The Joy Thief is definitely a resourceful tool for adults and children alike to discuss negative feelings and find joy.
Disclosure: I received this book to review through Beck Valley Books, I have volunteered to share my review and all the opinions are 100% my own.
The Joy Thief! is a story that helps children and adults to discover more about a subject that is often difficult to understand. Demonstrating the subjectivity of trauma, The Joy Thief! highlights how a seemingly ordinary occurrence can have a significant impact upon the wellbeing of a child, particularly if left unaddressed.
Challenging the idea that trauma only occurs during more “serious” incidents, The Joy Thief! leads us to conclude that such occurrences, or rather our responses to them, may be more significant for children’s mental health than we would perhaps like to admit.
The story of The Joy Thief! encourages help-seeking, while challenging adults to consider the way they handle such situations.
The story is written in a person-centred fashion, seeking to normalize a range of outcomes that children may experience following a traumatic experience – including the little-acknowledged phenomena of imaginary “friends.”
Whilst highlighting positive themes of intersectional persity, The Joy Thief! also challenges us to consider issues of parental absence, inattention, and invalidation within the context of the needs of children.
Above all, The Joy Thief! is a story of hope.
“This book demonstrates beautifully a gentle reminder to parents about the way that children can perceive the world and then models to children how talking about difficult things helps. Supporting better mental health and wellbeing for children is invariably about how the adults around the child respond to what is so often in front of our noses, yet we fail to always see.” — Lisa Cherry, schools, services & systems consultant, and author on trauma-informed & relationship focused practice (Twitter: @_LisaCherry)
“The Joy Thief! is a joy to read and is a beautifully illustrated book with inviting and fun colours. The language is simple, using the idea of rhymes to communicate the powerful and crucial message of children sharing their fears and worries with a trusted grown up, so they can get rid of their Joy Thief and be happy. Learning to share our innermost anxieties and not hold onto trauma is an essential lesson that we need to teach at an increasingly early age.” — Deborah Somerset, safeguarding trainer and trauma-informed consultant. (Twitter: @DLSSafeguarding)
“Sean McCallum has written a lovely book with vivid colors, rhyming text and a message. He describes how the unexpected appearance of spider frightens a young girl and the subsequent distress that builds up with repeated suppression of the memory. With psychological underpinnings, this book explores the impact of keeping upsetting thoughts pent up as well as the benefit of being able to share them with someone you trust. Highly recommended.” –Laurie Zelinger, PhD, ABPP, RPT-S, Board Certified Psychologist, author of Please Explain Anxiety to Me and Please Explain Alzheimer’s to Me
From Loving Healing Press www.LHPress.com
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These books are always really cute, short, well illustrated books that are easy for kids to read and understand.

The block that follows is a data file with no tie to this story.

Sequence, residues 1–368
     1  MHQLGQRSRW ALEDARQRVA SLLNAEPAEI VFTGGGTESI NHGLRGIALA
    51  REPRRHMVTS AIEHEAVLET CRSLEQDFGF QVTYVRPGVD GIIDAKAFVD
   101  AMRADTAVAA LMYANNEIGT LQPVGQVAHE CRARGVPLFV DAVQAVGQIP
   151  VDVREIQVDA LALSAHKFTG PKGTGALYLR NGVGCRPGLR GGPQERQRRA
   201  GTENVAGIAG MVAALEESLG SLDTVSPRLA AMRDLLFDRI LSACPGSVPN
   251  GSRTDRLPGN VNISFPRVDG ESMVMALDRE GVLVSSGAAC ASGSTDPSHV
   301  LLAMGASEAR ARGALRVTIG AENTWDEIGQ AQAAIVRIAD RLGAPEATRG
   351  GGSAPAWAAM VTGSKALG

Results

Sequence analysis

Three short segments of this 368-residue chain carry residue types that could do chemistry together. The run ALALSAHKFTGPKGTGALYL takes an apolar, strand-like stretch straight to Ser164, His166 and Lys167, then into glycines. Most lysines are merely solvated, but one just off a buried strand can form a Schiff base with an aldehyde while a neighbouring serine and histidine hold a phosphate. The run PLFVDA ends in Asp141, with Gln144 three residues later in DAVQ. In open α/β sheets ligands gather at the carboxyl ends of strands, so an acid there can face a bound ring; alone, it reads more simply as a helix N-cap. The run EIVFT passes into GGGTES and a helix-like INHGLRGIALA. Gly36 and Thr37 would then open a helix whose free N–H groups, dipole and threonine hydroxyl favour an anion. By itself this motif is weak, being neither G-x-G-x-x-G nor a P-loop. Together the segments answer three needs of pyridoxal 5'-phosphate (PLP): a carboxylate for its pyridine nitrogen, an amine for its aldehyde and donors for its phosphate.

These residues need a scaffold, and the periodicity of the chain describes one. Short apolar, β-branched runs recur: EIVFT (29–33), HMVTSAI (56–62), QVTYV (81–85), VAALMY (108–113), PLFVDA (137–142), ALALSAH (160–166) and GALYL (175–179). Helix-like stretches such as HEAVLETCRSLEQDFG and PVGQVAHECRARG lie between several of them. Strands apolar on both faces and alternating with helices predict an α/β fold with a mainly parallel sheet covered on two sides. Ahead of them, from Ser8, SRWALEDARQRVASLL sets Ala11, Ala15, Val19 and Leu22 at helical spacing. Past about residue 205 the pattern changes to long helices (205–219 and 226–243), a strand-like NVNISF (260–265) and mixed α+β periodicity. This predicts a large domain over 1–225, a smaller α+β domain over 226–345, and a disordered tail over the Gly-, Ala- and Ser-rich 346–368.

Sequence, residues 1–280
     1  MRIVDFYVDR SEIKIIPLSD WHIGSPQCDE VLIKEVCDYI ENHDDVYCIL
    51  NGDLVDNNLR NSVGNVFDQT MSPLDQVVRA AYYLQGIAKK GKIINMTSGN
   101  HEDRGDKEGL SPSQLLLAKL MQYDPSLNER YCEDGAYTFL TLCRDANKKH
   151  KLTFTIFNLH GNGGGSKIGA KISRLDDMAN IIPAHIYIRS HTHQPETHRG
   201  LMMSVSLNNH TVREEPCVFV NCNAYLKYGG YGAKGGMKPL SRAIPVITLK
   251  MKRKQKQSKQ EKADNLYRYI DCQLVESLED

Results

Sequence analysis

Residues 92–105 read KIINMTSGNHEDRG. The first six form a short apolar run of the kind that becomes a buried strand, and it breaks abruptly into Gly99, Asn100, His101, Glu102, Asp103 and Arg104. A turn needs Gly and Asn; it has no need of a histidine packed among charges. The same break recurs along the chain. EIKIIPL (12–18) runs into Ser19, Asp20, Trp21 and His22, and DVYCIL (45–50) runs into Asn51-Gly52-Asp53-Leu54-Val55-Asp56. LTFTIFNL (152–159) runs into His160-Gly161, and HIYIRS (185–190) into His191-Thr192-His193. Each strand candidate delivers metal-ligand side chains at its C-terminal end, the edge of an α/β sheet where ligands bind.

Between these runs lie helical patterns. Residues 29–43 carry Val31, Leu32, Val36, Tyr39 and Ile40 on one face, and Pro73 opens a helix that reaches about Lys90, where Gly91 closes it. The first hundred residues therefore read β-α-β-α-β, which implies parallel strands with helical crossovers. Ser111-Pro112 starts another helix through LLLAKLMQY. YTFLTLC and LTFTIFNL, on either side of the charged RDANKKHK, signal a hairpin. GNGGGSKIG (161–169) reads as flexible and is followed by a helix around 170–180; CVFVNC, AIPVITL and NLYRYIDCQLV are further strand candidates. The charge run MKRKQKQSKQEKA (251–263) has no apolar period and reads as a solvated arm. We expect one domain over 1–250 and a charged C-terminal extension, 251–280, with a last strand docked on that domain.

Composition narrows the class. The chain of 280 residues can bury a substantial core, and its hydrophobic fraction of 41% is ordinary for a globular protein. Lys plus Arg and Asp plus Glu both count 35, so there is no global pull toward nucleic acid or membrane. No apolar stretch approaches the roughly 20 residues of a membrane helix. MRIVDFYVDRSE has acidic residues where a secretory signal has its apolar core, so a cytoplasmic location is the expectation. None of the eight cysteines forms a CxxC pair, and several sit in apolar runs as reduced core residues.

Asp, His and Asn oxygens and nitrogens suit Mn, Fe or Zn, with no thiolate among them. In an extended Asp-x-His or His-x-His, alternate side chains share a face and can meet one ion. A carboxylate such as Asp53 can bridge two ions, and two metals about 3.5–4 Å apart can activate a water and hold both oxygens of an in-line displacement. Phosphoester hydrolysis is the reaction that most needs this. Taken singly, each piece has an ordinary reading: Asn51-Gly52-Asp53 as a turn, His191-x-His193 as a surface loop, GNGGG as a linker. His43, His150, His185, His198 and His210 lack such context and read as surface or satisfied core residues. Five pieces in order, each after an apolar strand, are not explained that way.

The Joy Thief rhymes – something I always enjoy in a children’s book, and talks about a time when the child is scared. At the moment of the fear, there is also a slammed door by a parent, and what I feel is a conditioned response occurs. A slammed door equates to fear.
Personally, I feel using the term trauma in the title was a bit misleading. As an adult with a wide array of trauma in my past; the conditioning of fear from a spider and slamming a door does not equate to trauma. I felt that fear would be a better suited word than trauma. I personally feel that what the little girl experienced was not trauma but again, that is my personal opinion.
What occurs with the character of the book is most certainly relevant and it is fear and there was the conditioned response of further fear from the door slamming. The concept of a Joy Thief puts the entire situation and feelings into a perspective that not only makes those emotions easier to explain for an adult, but also makes it so much easier for a child to understand.
The Joy Thief took the little girls joy and she finds a way to take away the power of the Joy Thief and find her joy again.
Overall, I found this to be a cute book that can help adults and children alike, with negative emotions and discussing things or events that steal someone’s joy. It is also a way to open a line of communication on what brings one joy and how to take back the power from the Joy Thief so that one can be happy again.
This is definitely a must for parents, therapists – even teachers to have in their classrooms to help children discuss feelings of fear or other negative feelings that take away their happiness. It will definitely be a resourceful tool!
Enjoy these excerpts!A Firefighter within the U.K. Fire & Rescue Service, Sean is also an Infantry Veteran of the Iraq War of 2003. A specialist in crisis intervention, Sean developed the ‘CRISIS Schema®’ – an evolutionary model of psychological first aid, now in use by practitioners across 4 of the world’s continents. Sean is also a director of Eudemonics CIC, a non-profit agency helping people and organisations to recover from psychological trauma. Coordinating community programmes supporting military veterans, victims of domestic abuse, and people enduring addiction, Sean lives in Nottinghamshire, England, with his partner Caron and their daughters Morgan and Isla.
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